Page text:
Notes from the scrum: For former Exergy director Hamilton, a bittersweet ending
BOULDER, Colorado (VN) — The first day I met Tad Hamilton, he was enthusiastically flipping off Jonathan Vaughters — two handed, no less — and hollering obscenities out the window of his team car at the Garmin-Sharp crew, due to a perceived slight of one of his riders during the Amgen Tour of California. This also marked my first day in a team car, ever. These things, they happen.
I asked if he and Vaughters might work that out later, and bury the hatchet. After half a second, he looked at me, and said, “I don’t hold grudges.” I laughed.
That was Hamilton in his director role at Exergy: open, and to the point. Hamilton has since gone from a sport director and manager to running a printing press in his hometown of Boise, Idaho, a trade of his. He walked away from the crumbling team right after he finished up at the USA Pro Challenge in Colorado in late August.
“It’s tough, man. It’s hard to build that and for it to go away. But at the same time, it was a pretty fun ride,” he said.
Hamilton is the only director the men’s Exergy team ever had. In 2009, he put the pieces together to form the American cycling team that’s since evaporated after the Idaho-based energy company walked away from its sponsorship publicly just days ago, citing the dark climate of the sport. On Wednesday, Louisville 2013 world championships organizers turned the tables on the firm, cutting ties and claiming Exergy was past due on $250,000 in sponsor payments.
“It’s funny how cycling is. Here’s a sponsor that I brought into the sport that has plenty of money to do a men’s team, but by the time they got into the races, and the women’s team and all this, and now the men’s team is gone,” Hamilton said. “Cycling in general — it’s hard on itself. It cannibalizes itself. I know that races need money, and teams need money. I mean, jeez, I brought a good sponsor to the sport, and we’re the one’s out.”
Hamilton, though, and some of the others wouldn’t have had a chance in pro cycling if not for Exergy. He came to sport late and raced as a Cat. 1 for a long time, lining up with the pros at races like the Tour of the Gila and Cascade Classic. By his own admission, he wouldn’t have had much of a shot managing a professional team without Exergy. So, while there’s sadness in the folding of the team, Hamilton’s cognizant of the opportunity CEO James Carkulis and company gave him.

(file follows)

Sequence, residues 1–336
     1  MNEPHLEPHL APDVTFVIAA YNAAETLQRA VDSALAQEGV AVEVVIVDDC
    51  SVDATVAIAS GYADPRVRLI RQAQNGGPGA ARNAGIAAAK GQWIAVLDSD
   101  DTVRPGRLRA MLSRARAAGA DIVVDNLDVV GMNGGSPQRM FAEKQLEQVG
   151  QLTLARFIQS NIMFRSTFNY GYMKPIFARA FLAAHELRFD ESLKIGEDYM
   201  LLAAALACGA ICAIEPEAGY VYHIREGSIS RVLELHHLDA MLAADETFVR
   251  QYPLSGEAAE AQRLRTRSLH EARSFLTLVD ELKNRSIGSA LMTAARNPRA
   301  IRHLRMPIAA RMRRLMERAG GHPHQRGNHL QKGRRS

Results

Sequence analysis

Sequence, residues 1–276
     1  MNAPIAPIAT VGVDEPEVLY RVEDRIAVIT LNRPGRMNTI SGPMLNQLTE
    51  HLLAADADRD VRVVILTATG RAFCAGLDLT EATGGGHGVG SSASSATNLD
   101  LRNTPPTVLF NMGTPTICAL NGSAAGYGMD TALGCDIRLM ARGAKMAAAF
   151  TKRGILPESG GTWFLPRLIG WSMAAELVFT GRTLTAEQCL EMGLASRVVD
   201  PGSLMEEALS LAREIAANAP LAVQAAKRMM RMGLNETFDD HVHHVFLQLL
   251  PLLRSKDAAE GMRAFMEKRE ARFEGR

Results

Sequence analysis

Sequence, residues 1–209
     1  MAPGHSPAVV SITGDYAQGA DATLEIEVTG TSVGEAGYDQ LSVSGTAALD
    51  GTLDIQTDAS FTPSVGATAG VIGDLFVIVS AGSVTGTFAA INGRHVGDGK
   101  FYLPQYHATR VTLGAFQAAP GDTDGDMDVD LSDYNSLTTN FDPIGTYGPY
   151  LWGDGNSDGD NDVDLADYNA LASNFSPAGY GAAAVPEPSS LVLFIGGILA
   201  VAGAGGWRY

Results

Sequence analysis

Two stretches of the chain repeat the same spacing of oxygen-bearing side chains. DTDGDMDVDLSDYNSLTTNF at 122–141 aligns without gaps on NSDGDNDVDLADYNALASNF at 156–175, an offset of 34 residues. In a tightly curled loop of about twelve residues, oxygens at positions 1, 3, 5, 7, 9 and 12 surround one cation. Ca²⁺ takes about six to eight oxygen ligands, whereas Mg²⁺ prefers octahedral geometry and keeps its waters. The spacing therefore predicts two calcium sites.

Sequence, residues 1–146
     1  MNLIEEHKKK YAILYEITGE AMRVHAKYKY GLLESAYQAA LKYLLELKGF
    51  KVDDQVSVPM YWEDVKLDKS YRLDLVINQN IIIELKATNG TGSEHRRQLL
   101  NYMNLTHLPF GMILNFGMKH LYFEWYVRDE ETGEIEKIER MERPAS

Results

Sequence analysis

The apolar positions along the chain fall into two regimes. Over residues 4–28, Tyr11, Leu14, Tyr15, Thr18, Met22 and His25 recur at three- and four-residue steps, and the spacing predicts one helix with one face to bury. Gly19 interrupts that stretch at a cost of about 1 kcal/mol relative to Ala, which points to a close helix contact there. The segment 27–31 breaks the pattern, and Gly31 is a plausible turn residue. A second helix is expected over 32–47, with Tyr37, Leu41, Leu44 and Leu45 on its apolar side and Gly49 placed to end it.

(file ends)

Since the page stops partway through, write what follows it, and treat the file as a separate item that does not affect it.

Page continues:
“Just a small group of guys from Boise, Idaho, with small resumes, to do what we did — I feel blessed that I had that opportunity,” he said. “No one was going to give us that chance. It’s been a wonderful thing, for sure.”
He sings the praises of working a regular nine-to-five, of being finished with work when he walks out the door: “My son’s birthday is March 25. I’ve been at Redlands the last five years, right? I’ve missed half my son’s birthdays.”
All this “Average Joeness” may wear thin. Bike racing is one of those things that, once it’s inside, never really goes away.
“For the most part, guys are in it, I guess, because it’s such a challenge. Cycling, you know, obviously you’re competing against other teams, other racers. But it’s a progression you can chart against yourself,” Hamilton said. “You can’t buy what you get from the bike. It doesn’t matter how much money you have. It matters how hard you work.”
Hamilton said he’s open to coming back to the bunch someday, and that he hopes the work he did was good enough for offers. He also worries about his former riders, who now have to find new jobs.
“I love those guys. It’s been difficult being out of the loop from them. I’d like to call them and talk to them and hear what’s going on, but it’s not my place to get in now. I’m friends will all my riders, and we’ll meet up down the road and talk about it. But this is business for them,” he said. “I can’t be there. I can get them through 10-day stage races, but I can’t get them through this. Everybody’s got to live their life.”